Meet the World: Part 1

I know that many English learners would like to meet other people to speak English with. It’s great to talk to other people from your country, Europe, and so on. Having someone to talk to is fun, can help you learn things, can make you want to learn more, and gives you a reason to really speak English. It can also be stressful and scary, but that’s part of learning!

Anyway, for a lot of people it’s hard to find someone to talk to. But there are ways…

shokunin_backpacker_on_a_phone from openclipart.org

As I said on the Improving Your English in Asia page, one way is to find out if your city or province (etc.) has a volunteer guide program, like Goodwill Guides. If you can’t do that, I recently found out about two other sites. (I already posted them to our Facebook page–remember to “like” it if you use Facebook!) I’ll introduce a third site, too, in three posts here. All of these sites are free to use.

The first site is Hi Everywhere! The site says “Hi Everywhere!” is a volunteer local tour guide exchange community.” Here’s how it works:

  1. You register. Your information includes a username (not your real name), your e-mail (not shown), the languages you speak, your city, and whatever you want to say about yourself.
  2. Travelers post information (requests) about where they are going and what they need. For example, a British woman is going to Japan for a month. While she’s there, she would like to go anywhere in the countryside. Even if she can meet someone for an hour, it’s okay.
  3. You look at the requests and decide whether you can help. If you want to be someone’s guide, you can click “Book it!” Or you can leave a comment to discuss it with the person.

After their trips, some users write journals about their good experiences. I don’t know how active the site is, but you can try it!

Don’t worry about your English level too much. If you’re not fluent in English yet, just tell them before you meet them. When international visitors come to your area, they will probably be happy to meet anyone who speaks ANY English. If you need help, you can find information about food, history, and so on in English in advance using Wikipedia, Wikitravel, and so on.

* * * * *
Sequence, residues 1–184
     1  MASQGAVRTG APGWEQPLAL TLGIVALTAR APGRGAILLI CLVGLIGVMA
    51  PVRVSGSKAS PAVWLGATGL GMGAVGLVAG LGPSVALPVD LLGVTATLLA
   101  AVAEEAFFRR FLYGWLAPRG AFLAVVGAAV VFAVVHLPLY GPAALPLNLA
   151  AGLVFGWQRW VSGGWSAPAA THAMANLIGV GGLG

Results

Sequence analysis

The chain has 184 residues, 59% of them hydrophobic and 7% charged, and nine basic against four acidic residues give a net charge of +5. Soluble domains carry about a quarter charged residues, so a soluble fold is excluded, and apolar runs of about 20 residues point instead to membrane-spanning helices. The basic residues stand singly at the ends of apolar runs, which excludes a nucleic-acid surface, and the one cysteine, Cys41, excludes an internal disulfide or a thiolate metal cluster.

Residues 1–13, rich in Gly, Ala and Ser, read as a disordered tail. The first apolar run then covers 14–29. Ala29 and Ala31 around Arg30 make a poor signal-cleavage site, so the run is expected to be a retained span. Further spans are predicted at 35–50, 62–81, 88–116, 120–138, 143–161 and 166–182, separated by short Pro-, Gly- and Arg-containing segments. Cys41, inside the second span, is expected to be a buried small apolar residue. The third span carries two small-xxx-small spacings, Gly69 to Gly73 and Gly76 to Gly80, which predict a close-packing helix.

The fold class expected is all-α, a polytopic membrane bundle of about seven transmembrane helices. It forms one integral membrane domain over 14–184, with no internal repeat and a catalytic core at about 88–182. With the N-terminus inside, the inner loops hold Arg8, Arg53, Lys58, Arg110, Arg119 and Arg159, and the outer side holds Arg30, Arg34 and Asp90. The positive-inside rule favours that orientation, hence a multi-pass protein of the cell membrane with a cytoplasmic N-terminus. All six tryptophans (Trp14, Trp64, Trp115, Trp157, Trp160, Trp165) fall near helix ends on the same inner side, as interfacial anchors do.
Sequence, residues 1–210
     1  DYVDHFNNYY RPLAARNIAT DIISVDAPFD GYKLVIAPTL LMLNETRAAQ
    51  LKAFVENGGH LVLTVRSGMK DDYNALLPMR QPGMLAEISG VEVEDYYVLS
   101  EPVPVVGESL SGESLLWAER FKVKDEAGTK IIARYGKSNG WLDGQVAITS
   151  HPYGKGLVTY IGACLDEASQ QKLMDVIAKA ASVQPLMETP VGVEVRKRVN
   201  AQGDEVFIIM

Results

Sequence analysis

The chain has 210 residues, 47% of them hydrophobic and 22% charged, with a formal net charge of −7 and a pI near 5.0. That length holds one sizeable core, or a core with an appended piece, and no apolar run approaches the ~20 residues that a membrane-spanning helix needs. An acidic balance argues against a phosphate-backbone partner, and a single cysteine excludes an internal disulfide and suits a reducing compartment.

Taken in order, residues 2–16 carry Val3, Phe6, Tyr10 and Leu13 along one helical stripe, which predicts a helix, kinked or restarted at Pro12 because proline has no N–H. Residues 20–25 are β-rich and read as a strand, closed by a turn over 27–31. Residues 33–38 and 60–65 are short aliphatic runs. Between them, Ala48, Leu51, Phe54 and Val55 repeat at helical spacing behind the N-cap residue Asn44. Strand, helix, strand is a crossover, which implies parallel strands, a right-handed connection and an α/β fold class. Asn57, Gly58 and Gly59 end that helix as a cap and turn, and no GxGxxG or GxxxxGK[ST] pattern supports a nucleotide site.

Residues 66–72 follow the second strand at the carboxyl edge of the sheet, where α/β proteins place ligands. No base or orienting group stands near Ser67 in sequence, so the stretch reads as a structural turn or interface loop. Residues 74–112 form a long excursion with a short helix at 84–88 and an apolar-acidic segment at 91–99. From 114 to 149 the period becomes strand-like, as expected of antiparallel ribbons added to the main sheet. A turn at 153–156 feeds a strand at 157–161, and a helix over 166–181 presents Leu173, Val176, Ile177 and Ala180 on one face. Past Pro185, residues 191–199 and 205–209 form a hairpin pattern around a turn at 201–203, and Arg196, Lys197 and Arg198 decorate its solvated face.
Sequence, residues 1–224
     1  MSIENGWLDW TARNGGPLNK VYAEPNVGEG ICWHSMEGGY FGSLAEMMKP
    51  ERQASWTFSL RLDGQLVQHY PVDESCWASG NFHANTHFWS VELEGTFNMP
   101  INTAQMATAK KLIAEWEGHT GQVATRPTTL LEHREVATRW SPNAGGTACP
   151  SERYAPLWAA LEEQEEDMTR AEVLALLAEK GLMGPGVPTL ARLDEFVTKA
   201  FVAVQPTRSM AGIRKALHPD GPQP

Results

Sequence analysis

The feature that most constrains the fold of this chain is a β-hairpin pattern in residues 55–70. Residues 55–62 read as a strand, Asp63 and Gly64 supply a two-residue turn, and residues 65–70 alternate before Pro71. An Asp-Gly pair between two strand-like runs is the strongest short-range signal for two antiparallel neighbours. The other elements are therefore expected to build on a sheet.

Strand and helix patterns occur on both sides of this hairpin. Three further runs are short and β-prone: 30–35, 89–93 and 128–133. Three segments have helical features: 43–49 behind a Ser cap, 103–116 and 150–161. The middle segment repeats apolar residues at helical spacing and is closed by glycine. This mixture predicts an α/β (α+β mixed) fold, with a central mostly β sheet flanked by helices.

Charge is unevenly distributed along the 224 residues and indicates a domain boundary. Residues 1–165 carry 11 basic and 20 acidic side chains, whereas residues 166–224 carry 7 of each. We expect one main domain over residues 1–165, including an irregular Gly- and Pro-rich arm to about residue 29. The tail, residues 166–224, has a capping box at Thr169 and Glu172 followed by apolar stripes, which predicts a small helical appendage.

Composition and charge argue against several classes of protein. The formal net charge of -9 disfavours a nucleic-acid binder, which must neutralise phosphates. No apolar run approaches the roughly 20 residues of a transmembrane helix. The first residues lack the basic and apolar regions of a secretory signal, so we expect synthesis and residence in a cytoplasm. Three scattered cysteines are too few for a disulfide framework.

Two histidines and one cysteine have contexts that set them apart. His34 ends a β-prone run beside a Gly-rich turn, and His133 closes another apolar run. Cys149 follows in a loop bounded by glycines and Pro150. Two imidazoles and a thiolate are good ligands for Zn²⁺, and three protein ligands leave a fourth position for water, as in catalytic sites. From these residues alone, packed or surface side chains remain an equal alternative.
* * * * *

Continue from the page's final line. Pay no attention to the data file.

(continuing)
Here are the next two posts:

Contest Winners – Most Thoughtful

Here is the final contest winner, for “Most Thoughtful” writeup of a technique.

I’d like to entry the  contest!

My way to study English is watching DVDs of ”Friends”.
To begin with, I often watch it subtitled in Japanese to understand its outline, after that,I watch it subtitled in English, then without subtitle several times.

sometimes, I consult this script to understand the plot: http://www.friendstranscripts.tk/

I think  watching TV drama is useful for English learners to learn and we can not only  learn English in an enjoyable format, but also learn it from the situation so  vocab is also easy to stick in your head.

besides,reading the script aloud  is also helpful to speak English.

That’s why I pick this way up & I  believe it works well for me.

It was submitted by the Twitter user @turningpoint6. Even though her entry was short, I think she did a great job of thinking about several ways to use and benefit from technique:

  • It’s fun, which always helps!
  • Watching TV episodes several times can help you with listening and vocabulary.
  • You can practice multiple skills this way–listening, speaking, and reading.
  • The new vocabulary is in a context, which makes it easy to remember. (It also helps you learn about who uses that kind of word, when to use it, etc.)

Contest Winners – Most Fun Technique

The next-to-last category is “Most Fun Technique.” This sounds like fun to me!

Thank you for giving us the opportunity to share tools for learning English. I really want to know how everyone’s learning it. And CONGRATULATIONS on your 100th blog!!

I like music and alway listen to the web radio during the work all day. When I come across a song that I like, I look up the words I didn’t understand. Here is my tool. http://www.tube365.net/ and then I get to know the meaning of the lyric. After that, I sing the song over and over again. In the radio I usually listen to, they seem to bring songs, which are routine. It means that I can take a test if I can sing the song I liked well everyday.